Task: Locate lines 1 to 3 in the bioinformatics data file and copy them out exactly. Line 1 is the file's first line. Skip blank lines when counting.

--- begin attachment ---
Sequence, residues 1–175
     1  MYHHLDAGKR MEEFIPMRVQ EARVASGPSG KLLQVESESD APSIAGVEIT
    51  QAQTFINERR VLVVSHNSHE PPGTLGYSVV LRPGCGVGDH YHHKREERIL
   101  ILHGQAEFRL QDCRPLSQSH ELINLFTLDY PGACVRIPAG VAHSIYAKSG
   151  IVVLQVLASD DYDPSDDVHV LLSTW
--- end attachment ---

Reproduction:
Sequence, residues 1–175
     1  MYHHLDAGKR MEEFIPMRVQ EARVASGPSG KLLQVESESD APSIAGVEIT
    51  QAQTFINERR VLVVSHNSHE PPGTLGYSVV LRPGCGVGDH YHHKREERIL